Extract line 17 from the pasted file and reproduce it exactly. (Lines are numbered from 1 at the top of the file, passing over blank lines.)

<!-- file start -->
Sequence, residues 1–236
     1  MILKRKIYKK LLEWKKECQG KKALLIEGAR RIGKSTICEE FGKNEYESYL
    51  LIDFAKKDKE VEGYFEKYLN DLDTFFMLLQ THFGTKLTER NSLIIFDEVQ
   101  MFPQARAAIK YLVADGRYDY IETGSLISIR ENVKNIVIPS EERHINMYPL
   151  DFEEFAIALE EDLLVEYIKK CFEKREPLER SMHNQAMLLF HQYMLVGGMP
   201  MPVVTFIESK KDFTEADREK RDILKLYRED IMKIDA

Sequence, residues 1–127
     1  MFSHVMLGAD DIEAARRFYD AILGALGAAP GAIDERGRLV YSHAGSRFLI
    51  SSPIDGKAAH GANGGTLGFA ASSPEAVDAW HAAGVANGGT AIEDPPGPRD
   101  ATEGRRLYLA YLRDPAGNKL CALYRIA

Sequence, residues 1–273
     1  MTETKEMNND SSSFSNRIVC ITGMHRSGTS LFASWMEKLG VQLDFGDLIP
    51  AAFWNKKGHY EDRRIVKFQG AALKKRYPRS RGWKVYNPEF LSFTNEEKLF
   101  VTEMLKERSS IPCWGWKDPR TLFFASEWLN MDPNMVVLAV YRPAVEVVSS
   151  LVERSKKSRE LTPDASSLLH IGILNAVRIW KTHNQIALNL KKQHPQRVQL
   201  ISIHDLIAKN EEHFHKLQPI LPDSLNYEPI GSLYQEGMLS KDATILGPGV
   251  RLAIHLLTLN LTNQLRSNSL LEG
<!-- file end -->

   251  RLAIHLLTLN LTNQLRSNSL LEG